Buffalo Diocese Needs To Focus On Protecting Children Instead Of Itself

If only the Diocese of Buffalo would put even a fraction of the effort into protecting kids as it puts into covering up for sexual abuse by priests and guarding its secret archives.

Yesterday, an investigative news team at WKBW in Buffalo reported that the Diocese of Buffalo vastly understated the number and concealed the identities of priests accused of sexual abuse. The report is damning. In March, the Diocese released a list of 42 priests “who were removed from ministry, were retired, or left ministry after allegations of sexual abuse of a minor,” after pressure from our law firm and sexual abuse survivors. According to records obtained by WKBW, the actual number is conservatively 106 and likely much higher.

In its March list of 42, the Diocese knowingly left out 25 religious order priests, 19 deceased priests accused by “only” one victim and 20 other priests who did not fit the Diocese’s highly questionable and narrowly defined disclosure categories, according to WKBW. Some priests were left of the list because they were still in ministry or because the Diocese had previously hidden the abuse from parishioners, WKBW reported. Even more disturbing is that documents obtained by WKBW show that the Diocese intended to shred documents contained in its secret archives relating to seven priests.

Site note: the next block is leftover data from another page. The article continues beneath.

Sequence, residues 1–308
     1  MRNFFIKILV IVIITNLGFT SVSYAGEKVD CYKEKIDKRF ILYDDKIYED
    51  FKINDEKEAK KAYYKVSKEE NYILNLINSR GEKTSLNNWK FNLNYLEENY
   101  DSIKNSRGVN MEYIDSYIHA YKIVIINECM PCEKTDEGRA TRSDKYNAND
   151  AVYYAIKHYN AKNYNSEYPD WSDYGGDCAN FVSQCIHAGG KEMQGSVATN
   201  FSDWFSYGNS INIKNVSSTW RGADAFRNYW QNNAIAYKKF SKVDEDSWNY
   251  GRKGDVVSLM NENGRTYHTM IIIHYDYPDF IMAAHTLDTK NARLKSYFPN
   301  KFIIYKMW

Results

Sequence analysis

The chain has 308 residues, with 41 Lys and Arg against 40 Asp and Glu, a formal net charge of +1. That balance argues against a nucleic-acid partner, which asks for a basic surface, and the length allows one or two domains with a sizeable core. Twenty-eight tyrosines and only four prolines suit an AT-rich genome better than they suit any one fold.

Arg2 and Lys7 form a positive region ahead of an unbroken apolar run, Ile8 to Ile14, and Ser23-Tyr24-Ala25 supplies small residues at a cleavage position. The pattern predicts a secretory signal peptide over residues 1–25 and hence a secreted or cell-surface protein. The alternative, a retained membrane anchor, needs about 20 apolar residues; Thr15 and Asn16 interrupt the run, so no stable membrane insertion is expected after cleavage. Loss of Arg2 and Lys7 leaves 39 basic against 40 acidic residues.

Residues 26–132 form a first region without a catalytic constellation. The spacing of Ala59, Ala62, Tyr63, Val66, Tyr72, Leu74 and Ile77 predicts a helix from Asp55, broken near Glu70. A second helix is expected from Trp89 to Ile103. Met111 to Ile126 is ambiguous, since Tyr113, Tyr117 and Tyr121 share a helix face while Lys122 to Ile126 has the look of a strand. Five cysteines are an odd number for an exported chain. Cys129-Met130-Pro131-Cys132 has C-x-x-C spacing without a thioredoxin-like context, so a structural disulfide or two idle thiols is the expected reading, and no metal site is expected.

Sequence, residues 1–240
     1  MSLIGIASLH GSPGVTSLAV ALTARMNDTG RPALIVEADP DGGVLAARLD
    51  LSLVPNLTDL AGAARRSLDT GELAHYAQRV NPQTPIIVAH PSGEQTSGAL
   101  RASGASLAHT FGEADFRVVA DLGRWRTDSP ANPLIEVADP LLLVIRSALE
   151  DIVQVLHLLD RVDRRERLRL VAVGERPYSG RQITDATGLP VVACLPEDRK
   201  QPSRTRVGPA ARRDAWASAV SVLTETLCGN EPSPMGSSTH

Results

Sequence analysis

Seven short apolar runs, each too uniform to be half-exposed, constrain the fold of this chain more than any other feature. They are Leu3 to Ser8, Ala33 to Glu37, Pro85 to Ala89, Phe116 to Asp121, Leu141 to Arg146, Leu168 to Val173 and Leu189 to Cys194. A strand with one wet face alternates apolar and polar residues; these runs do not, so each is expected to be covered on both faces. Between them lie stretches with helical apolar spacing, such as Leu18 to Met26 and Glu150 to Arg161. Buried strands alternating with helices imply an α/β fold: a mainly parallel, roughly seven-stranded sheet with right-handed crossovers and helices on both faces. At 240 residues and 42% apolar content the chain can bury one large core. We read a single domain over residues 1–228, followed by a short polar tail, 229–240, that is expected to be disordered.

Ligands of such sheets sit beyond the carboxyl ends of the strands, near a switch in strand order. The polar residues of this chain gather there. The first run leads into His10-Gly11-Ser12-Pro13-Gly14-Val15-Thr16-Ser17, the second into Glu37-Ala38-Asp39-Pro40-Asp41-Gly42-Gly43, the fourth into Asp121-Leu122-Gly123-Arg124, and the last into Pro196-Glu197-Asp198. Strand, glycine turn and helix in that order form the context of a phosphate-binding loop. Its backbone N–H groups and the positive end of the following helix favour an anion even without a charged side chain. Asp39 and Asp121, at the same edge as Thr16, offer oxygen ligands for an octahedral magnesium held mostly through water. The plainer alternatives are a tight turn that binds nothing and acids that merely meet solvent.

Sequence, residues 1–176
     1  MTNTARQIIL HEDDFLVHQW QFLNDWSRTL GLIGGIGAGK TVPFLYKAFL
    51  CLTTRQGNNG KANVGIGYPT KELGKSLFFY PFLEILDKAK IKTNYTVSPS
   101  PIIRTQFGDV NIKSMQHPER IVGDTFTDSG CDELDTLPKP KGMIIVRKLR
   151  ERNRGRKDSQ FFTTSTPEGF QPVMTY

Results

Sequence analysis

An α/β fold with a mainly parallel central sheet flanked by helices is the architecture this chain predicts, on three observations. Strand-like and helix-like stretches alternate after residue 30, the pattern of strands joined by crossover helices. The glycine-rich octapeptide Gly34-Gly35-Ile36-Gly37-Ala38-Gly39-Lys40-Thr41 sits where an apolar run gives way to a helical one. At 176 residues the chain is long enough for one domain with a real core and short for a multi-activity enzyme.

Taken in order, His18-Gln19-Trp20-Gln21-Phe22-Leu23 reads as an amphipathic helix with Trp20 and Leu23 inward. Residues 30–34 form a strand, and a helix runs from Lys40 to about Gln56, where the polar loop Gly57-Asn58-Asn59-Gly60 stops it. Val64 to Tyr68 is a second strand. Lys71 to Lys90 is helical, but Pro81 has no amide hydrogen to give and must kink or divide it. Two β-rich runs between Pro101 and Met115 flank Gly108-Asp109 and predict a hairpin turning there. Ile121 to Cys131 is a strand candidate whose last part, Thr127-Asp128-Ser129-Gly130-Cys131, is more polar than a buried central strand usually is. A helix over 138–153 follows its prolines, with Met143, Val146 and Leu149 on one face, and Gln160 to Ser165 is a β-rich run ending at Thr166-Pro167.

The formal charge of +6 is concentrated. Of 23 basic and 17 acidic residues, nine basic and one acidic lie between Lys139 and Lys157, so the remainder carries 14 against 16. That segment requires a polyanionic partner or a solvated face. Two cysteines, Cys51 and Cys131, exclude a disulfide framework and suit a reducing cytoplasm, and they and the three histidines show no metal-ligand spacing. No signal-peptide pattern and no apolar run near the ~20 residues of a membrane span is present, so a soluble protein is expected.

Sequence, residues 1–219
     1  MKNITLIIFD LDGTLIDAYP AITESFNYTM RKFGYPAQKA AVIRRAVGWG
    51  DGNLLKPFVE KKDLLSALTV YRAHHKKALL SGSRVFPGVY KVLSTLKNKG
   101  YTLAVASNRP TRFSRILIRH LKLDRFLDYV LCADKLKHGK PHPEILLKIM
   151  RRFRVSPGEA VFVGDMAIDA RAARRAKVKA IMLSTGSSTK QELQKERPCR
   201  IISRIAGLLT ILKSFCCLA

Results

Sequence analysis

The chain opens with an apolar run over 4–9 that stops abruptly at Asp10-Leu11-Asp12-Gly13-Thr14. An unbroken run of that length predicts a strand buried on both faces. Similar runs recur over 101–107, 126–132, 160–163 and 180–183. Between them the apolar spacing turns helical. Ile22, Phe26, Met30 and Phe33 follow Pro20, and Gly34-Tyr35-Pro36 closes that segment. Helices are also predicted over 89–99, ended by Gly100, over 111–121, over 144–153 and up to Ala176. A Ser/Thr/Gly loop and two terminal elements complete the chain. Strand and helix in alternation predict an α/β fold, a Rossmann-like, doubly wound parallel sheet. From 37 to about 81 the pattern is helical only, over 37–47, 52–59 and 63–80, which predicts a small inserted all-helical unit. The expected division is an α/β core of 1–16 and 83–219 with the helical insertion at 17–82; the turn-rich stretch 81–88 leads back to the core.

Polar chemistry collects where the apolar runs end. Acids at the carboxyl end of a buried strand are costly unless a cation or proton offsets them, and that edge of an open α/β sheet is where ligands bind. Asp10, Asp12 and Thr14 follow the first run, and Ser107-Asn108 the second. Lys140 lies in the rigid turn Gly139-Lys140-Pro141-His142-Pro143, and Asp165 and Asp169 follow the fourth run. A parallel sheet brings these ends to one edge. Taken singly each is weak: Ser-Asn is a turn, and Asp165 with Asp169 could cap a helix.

This report comes on the heels of last week’s Buffalo News report that the Diocese of Buffalo took extreme measures to tighten security at its headquarters after secret clergy files showing how Bishop Richard Malone handled sexual abuse allegations against two priests were leaked to WKBW. “The diocese posted security guards at the doors to the headquarters, changed locks, set up a video camera and brought in a computer expert to install encryption software on email accounts and examine information systems for weaknesses that would enable security breaches,” the Buffalo News reported.  Priests entering the building are now required to wear identification badges. The Diocese put a video camera in a special locked documents room that activates upon entry. The Diocese’s lawyers tried to stop WKBW from broadcasting the stories. (WKBW said it received the documents legally.)

These are tactics straight out of Hollywood. The Diocese’s cynical and ham-handed motives are as transparent as its approach to pedophile priests should be.  The New York Attorney General’s Office  announced it will investigate all eight New York dioceses regarding how they handled and potentially covered up child sexual abuse allegations. Let’s hope law enforcement can make the Diocese of Buffalo do what it is trying so hard to avoid.